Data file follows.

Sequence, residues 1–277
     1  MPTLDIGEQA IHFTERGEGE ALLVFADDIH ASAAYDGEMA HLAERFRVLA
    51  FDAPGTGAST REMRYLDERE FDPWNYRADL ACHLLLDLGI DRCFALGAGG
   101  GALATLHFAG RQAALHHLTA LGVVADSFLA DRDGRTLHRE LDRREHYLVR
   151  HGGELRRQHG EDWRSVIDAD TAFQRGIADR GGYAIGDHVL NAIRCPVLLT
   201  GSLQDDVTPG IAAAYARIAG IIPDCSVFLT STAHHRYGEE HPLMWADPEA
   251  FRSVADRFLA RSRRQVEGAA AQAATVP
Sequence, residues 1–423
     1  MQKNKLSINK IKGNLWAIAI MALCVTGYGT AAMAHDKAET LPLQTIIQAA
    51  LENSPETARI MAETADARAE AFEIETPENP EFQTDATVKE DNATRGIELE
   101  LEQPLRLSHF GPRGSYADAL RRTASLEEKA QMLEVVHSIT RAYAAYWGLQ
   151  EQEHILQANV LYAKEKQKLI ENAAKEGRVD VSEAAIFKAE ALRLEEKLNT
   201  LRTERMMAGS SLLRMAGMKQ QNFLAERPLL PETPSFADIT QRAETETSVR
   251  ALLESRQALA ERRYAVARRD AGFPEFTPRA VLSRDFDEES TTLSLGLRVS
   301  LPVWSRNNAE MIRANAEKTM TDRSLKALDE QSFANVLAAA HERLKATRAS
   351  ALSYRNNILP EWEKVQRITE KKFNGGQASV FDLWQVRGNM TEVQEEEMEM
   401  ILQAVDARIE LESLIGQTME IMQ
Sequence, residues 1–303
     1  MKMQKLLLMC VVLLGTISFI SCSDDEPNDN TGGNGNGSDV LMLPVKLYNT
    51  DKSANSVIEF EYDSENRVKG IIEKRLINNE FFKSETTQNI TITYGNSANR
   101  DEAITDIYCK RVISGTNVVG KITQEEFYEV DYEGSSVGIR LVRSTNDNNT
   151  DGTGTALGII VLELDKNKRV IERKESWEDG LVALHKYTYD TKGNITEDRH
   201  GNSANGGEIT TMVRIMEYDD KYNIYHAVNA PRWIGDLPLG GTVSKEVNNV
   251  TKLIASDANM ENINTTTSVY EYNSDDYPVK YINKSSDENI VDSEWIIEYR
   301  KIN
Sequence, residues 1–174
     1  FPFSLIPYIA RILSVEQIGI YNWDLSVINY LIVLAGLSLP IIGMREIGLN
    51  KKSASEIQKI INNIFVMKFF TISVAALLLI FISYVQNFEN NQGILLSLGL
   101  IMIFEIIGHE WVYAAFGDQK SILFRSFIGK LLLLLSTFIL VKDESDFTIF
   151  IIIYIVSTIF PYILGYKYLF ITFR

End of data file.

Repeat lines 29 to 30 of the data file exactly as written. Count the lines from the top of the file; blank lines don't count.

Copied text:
   101  IMIFEIIGHE WVYAAFGDQK SILFRSFIGK LLLLLSTFIL VKDESDFTIF
   151  IIIYIVSTIF PYILGYKYLF ITFR